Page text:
Different Populations
A saltwater population and a freshwater population of
a small crustacean (copepod) show differences in
salinity tolerance.
Are the differences due to simply being reared at
different salinities, or are the differences due to
genetically based differences?
Common Garden
Different Populations
Rear under common conditions
To determine the differences
when the environment is held
Common Garden
If the populations still differ
under common-garden
conditions, the differences are
genetically based.
But are these genetic
differences the result of
adaptation? (or some other
genetic cause)
Different Populations
Laboratory Selection Experiments
• But is salinity really the factor causing the
evolutionary physiological change?
• Perform selection experiments to test whether the
evolutionary change happens in response to salinity
saline ancestors
Selection for several generations
freshwater selected lines
acclimate at same salinity
Selection in
the Lab
Take the saline population
and then imposed selection
for freshwater tolerance
Compare the populations
before and after selection
Do the selection lines show
the same evolutionary shift
to fresh water as the wild
Common garden experiment at the end of the selection
How do we detect
Evolutionary Adaptations?
• Transgenic and gene knockout studies
• Is that gene causing the trait, and does it
have fitness consequences?
• Generally use model systems, such as
mice, fruit flies, etc.
Example: Human IQ Data
• Data: Many studies use survey data on human
populations in the US (not a common-garden
experiment, where environment is held
• Did not statistically account for differences in
• A correlation is associative, and not necessarily
Problems with data and
statistical analysis:
• Several reanalyses have found that
socio-economic status (and historical
factors) was a stronger determinant of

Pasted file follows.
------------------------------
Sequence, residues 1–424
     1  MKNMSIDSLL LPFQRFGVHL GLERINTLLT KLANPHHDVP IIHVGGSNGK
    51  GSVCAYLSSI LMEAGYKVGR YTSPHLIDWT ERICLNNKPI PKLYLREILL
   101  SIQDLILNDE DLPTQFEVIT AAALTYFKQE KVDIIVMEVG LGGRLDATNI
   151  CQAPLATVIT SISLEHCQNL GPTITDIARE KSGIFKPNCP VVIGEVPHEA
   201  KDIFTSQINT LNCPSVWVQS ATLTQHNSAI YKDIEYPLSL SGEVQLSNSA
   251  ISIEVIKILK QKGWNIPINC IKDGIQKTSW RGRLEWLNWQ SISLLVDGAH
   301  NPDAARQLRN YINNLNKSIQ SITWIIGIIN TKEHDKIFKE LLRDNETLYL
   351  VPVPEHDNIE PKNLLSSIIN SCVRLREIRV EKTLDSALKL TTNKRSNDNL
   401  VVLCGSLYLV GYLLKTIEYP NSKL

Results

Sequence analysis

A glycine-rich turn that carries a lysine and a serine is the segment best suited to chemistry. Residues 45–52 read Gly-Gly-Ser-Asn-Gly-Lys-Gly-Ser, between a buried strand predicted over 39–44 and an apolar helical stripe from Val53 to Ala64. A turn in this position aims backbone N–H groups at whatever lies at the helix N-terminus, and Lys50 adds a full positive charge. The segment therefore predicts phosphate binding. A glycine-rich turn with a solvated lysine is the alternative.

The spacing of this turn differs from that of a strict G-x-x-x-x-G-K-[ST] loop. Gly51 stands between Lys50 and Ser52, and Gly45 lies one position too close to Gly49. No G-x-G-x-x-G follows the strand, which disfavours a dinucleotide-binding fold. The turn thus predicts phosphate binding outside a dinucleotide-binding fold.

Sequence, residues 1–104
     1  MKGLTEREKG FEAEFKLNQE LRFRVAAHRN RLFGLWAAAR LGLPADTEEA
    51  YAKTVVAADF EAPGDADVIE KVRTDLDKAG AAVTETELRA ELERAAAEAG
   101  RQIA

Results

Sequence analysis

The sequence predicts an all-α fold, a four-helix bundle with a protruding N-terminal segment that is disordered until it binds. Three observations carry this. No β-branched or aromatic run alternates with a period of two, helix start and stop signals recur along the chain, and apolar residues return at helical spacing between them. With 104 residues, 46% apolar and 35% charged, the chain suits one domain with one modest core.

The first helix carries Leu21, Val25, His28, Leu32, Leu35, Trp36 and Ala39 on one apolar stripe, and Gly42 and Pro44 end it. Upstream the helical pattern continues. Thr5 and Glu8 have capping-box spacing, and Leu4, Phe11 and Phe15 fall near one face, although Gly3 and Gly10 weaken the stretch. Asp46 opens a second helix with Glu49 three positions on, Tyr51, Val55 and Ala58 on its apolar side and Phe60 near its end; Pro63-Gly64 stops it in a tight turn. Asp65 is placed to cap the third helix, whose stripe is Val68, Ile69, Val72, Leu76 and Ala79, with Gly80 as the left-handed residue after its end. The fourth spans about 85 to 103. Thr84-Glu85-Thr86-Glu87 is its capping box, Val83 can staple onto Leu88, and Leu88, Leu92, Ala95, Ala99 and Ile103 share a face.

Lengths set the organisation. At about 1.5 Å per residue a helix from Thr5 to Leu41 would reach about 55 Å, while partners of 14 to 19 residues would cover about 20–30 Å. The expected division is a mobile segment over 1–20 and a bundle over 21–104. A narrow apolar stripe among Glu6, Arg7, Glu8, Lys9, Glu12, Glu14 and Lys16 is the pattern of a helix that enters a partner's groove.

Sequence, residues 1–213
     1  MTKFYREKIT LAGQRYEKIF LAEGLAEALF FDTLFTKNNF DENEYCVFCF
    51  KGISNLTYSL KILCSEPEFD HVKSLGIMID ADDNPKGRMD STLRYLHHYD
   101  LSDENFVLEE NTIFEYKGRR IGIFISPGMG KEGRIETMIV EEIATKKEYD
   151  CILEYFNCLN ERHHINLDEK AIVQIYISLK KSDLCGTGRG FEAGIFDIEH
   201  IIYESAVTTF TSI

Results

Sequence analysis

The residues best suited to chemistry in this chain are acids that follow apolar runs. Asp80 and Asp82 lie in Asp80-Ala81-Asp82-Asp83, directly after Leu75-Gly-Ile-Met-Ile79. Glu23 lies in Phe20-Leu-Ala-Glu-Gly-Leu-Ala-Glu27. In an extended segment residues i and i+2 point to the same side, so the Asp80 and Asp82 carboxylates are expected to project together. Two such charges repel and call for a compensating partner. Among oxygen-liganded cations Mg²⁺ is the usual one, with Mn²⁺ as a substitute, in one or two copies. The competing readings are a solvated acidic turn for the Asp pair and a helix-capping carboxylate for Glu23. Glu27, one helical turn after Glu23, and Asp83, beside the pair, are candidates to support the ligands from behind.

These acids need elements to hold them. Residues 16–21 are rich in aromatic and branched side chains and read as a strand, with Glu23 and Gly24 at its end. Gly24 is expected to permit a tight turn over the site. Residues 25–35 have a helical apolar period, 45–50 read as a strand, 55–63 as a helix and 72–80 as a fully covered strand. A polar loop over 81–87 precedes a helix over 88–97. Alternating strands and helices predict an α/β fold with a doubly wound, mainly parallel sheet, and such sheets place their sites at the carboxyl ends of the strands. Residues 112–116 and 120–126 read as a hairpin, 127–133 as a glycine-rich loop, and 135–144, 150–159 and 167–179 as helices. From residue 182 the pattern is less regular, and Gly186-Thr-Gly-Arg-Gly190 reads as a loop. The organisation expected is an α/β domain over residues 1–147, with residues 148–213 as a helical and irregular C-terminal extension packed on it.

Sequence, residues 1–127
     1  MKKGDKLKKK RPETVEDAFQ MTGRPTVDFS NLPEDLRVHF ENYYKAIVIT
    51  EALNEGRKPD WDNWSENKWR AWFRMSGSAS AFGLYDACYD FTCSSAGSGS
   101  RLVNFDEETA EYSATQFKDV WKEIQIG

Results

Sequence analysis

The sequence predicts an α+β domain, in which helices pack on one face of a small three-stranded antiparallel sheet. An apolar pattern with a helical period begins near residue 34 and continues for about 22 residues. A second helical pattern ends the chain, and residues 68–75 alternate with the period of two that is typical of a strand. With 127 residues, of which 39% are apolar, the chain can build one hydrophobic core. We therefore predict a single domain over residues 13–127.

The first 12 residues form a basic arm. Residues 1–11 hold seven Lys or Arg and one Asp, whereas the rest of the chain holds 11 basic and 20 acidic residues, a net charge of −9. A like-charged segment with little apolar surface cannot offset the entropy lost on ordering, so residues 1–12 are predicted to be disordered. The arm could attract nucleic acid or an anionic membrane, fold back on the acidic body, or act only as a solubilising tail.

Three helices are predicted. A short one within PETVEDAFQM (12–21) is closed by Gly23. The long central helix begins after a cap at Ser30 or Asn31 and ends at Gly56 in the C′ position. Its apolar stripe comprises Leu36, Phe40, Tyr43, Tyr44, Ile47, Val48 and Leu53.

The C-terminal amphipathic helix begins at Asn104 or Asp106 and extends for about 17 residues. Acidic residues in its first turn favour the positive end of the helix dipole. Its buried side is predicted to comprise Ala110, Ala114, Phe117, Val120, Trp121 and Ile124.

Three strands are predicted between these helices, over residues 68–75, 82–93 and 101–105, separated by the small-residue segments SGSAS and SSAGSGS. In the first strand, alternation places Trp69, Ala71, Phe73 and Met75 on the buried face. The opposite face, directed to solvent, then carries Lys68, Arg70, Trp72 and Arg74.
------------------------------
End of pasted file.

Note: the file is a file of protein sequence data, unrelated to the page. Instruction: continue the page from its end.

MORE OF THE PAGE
IQ scores than race.
• Socio-economic status could reflect
nutrition, access to education, etc.
Impact of environment must
be accounted for:
• There is an IQ gap between blacks and whites in America,
Japanese and Koreans in Japan, Ashkenazi and
Sephardic Jews in Israel, and Protestants and Catholics in
Northern Ireland. As economic conditions improve for the
subordinated groups, the gaps are reduced
• A common-garden experiment has never been
performed on humans with respect to IQ scores to
determine actual genetic differences with environmental
effects removed
• Do not know of any study that has effectively controlled for
socio-economic differences
Examples: Adaptation
or not?
• A plant grows taller to obtain more
• Weeds in cornfields (corn is tall) are on
average taller than weeds of the same
species in soybean fields in order to
obtain more sunlight
Examples: Adaptation
or not?
• A plant grows taller to obtain more
• Weeds in cornfields (corn is tall) are on
average taller than weeds of the same
species in soybean fields in order to
obtain more sunlight
Not enough information
Examples: Adaptation
or not?
• Weeds in a cornfield have been found to
grow taller than those in soybean fields
when both populations are reared in
common-garden conditions
• Taller weeds in the cornfields survive and
a greater rate and leave more offspring
Examples: Adaptation
or not?
• Weeds in a cornfield have been found to grow
taller than those in soybean fields when both
populations are reared in common-garden
They are genetically different, but not know for
sure if it is adaptation (could be linkage, genetic
• Taller weeds in the cornfields survive and a
greater rate and leave more offspring